Inflammation of the larynx = Laryngitis
Inflammation of the liver = Hepatitis
Inflammation of the lungs = Pneumonia
Inflammation of the mucous membrane = Catarrh
Inflammation of the pericardium = Pericarditis
Inflammation of the periosteum = Periostitis
Inflammation of the testis = Orchitis
Inflammation of the pleura = Pleuritis
Inflammation of the spinal marrow = Myelitis
Inflammation of the veins = Phlebitis
Introversion of the bowels = Intussusception
Irtis = Opthalmia
Ischuria Urethralis = Stricture of the urethra or stoppage of the urine

Jail Fever = Typhus

King’s Evil = Scrofula or Tuberculous Cervical Lymphadenitis

Lagrippe – Influenza
Leiboma = Watery swelling of the eyelids
Lepra = Leprosy
Locked Jaw = Tetanus
Looseness = Diarrhea
Low Fever = Typhus
Lues Venera = Syphilis or Venereal Disease
Lung Fever = Pneumonia

Madness = Insanity
Malignant Sore Throat = Diphtheria
Membranous Croup – Diphtheria
Mesenteric Disease = Tuberculosis
Metritis = Pelvic Inflammatory Disease (PID)
Metroperitonitis = Peritonitis
Miasmus = Poisonous vapors in the air
Milk Leg = Phlegmasia Alba Dolens
Miner’s Phthisis = Silicosis
Mismenstruation = Menstruation disorder or irregularity
Monomania = Melancholy
Morbus Pancreaticus = Diseases of the pancreas
Mormal = Gangrene

Nephrosis = Edema but is now used to described kidney degeneration
Nervous Prostration = Physical and mental exhaustion
Nutmeg Liver = Cirrhosis

Obstipation = Constipation
Ophthalmitis = Ophthalmia
Ophthalmia Purulenta = Ophthalmia

Palsy = Paralysis
Paralytic Fit = Paralysis
Paramenia = Menstruation disorder or irregularity
Paraplegia = Paralysis
Paronychia = Whitlow
Partus = Childbirth
Paroxysm = Convulsion
Perimetritis = Peritonitis
Pernicious Fever = Malaria
Pestis = Plague
Petechial Fever = Typhus
Phlegmasia Alba Dolens = A variety of diseases related to Deep Vein Thrombosis
Phrenitis = Encephalitis
Phthisis = Pulmonary Tuberculosis
Piles = Hemorrhoids
Pleuritis = Pleurisy
Podagra = Gout
Poliomyelitis = Polio
Potter’s Asthma =  Inflammation of the lungs similar to Silicosis.
Potter’s Rot = Silicosis
Puking Fever = Milk Sickness
Purples = Purpura
Purging = Diarrhea
Putrid Fever = Diphtheria
Putrid Sore Throat = Ulceration of an acute form that attacked the tonsils, see Quinsy
Pyrosis = Heartburn

Quinsy = Tonsillitis or Peritonsillar Abscess

Rachitis – Rickets
Remittent Fever = Malaria
Rheumatism = Sciatica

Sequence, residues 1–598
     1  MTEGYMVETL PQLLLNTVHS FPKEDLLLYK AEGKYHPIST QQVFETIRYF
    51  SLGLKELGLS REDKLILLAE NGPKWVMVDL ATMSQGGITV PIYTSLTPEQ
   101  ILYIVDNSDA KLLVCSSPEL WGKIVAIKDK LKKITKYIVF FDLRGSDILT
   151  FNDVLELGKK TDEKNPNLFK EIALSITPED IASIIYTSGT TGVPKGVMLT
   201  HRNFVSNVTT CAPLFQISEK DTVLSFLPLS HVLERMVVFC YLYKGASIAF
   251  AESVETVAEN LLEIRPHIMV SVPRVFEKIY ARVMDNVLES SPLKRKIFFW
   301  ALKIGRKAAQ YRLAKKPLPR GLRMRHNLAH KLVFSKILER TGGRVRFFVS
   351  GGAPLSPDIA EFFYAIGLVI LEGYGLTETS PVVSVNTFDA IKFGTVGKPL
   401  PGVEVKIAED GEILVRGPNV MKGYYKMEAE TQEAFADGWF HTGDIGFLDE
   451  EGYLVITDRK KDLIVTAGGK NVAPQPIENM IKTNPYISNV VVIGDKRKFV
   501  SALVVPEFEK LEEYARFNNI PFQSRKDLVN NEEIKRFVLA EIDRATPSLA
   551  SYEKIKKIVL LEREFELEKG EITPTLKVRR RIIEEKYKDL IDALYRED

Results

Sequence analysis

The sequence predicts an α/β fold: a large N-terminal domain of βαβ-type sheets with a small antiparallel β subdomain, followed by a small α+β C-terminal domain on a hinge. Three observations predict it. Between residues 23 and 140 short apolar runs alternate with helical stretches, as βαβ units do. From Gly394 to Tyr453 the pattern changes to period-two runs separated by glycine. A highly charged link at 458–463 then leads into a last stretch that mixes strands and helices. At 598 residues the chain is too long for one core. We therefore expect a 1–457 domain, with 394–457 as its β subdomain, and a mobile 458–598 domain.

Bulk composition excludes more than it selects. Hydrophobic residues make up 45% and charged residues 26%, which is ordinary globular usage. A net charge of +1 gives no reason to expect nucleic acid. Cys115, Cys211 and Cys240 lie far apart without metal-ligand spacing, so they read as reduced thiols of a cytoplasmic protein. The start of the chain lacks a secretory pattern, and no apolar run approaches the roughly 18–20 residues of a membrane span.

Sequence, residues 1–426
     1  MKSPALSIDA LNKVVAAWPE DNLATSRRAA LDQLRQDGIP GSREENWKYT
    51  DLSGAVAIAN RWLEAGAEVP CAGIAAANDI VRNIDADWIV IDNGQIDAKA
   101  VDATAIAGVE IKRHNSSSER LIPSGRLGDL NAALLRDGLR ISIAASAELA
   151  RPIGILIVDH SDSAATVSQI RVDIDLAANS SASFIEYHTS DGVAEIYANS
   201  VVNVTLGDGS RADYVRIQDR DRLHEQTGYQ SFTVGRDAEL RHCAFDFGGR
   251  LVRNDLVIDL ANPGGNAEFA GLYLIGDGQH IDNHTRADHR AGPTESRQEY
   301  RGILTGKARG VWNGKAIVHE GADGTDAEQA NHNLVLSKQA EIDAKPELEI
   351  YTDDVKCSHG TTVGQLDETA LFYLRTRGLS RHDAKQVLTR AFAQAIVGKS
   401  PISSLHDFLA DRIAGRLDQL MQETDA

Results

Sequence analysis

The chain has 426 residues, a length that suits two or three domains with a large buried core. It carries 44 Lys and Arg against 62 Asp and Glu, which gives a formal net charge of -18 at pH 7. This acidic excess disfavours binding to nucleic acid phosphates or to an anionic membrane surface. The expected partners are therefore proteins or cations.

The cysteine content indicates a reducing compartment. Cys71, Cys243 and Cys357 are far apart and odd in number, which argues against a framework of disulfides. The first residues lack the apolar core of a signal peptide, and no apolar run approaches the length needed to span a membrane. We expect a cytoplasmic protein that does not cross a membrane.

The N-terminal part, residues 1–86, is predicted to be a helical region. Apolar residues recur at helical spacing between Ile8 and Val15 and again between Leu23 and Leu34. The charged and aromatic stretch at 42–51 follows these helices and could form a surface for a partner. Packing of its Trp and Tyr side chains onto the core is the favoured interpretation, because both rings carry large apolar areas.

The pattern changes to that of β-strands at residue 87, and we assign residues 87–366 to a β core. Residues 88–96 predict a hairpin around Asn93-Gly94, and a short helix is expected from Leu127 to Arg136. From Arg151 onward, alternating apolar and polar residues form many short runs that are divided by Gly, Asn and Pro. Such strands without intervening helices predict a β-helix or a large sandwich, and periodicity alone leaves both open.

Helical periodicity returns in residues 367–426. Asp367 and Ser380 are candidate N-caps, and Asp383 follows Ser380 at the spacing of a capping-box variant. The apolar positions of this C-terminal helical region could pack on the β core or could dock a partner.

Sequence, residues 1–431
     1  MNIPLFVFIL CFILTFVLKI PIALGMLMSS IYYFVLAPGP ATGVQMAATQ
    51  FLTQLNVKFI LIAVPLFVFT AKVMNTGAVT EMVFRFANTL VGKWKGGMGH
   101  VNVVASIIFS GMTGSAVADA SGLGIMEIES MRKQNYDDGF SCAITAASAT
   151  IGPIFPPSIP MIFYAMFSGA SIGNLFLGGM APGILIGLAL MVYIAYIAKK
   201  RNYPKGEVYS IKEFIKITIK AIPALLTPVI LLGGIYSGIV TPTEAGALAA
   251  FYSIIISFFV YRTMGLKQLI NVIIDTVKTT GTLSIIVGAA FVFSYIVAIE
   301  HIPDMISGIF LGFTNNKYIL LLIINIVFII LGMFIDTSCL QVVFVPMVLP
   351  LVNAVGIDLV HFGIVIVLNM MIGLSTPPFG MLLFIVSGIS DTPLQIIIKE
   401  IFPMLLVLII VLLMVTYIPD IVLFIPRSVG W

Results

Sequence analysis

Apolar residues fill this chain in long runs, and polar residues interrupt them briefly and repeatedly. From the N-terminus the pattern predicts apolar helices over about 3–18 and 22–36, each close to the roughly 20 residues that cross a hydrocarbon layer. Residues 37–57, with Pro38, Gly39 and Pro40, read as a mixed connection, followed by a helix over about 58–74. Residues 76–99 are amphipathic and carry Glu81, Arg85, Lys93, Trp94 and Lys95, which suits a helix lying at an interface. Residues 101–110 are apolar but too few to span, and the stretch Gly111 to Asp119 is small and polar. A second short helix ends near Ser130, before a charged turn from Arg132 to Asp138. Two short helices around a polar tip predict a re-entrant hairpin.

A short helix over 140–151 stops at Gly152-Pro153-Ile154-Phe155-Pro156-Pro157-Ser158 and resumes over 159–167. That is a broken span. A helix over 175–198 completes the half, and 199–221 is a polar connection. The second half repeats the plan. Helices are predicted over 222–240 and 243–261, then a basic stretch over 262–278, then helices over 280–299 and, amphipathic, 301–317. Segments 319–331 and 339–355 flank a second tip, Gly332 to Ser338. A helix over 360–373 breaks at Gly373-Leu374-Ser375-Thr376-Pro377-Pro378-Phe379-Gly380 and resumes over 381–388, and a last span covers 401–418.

Rose Cold = Hay Fever
Rosalia = Scarlatina
Rubeola = German Measles
Rupture = Hernia

Scarlatina = Scarlet Fever
Scarlet Rash = Roseola
Scorbutus = Scurvy
Scrivener’s Palsy = Writer’s Cramp
Screws = Rheumatism
Senectus = Old Age
Shakes = Delirium Tremens
Skin Blisters = Shingles
Ship Fever = Typhus
Sloes = Milk sickness
Sore Throat Distemper = Diphtheria or Quinsy
Spasms = Hysteria
Spotted Fever = Typhus or Meningitis
St. Anthony’s Fire = Erysipelas and also for any skin that was bright red in appearance
Stranguria or Stranguary = Kidney Stones
St. Vitus’s Dance = Chorea
Sudor Anglicus = Sweating Sickness
Sugar in the liver = Diabetes
Swamp Sickness = Malaria, Typhoid, or Encephalitis
Swine Pox = Chickenpox or Smallpox

Tabes Mesenterica = Tuberculosis
Taenia = Tape Worm
Tic Douloureux = Trigeminal Neuralgia
Trismus = Tetanus
Turn of Life = Menstruation disorder or irregularity
Tussis Convulsiva = Whooping Cough
Typhus Icterodes = Yellow Fever

Ulcerated Sore Throat = Putrid Sore Throat
Ulcus = Ulcer
Uleus = Ulceration of the stomach
Under Childbed = Puerperal Fever
Under Disease = Salivation

Varicella = Chickenpox or Hives
Variola = Smallpox
Vermes = Worms
Vesicae = Disease of the kidneys or bladder
Viper’s Dance = Chorea
Vomiting of blood = Hematemesis

Wasting Away = Atrophy
Water Brash = Heartburn Pyrosis
Water on the Brain = Hydrocephalus
Water Pox = Chickenpox or Smallpox
White Mouth = Thrush
White Leg = Phlegmasia Alba Dolens
White Swelling = Scrofula, also known as Tuberculous Cervical Lymphadenitis
Winter Fever = Pneumonia
Womb Fever = Infection of the uterus

Yellowjacket = Yellow Fever

With compliments,


The Americanist Independent

How Not to Use Twitter

Screen Shot 2014-10-07 at 7.49.33 PMOr rather…how to use Twitter poorly. This post will initiate a series discussing the things one should and should not do when using Twitter…or if you like, Social Media etiquette. I am specifically addressing people involved with historical inquiry and education – teachers, students, scholars, and everyone else. But this can just as easily apply to anyone.

I am on Twitter constantly. My students think it is funny that the old guy has a Twitter account, but I assure them that I am not interested in the Kardashians or any of the other Internet sensations out there, but rather the pursuit of knowledge and – here it is folks….INTERACTION with others who are doing the same thing.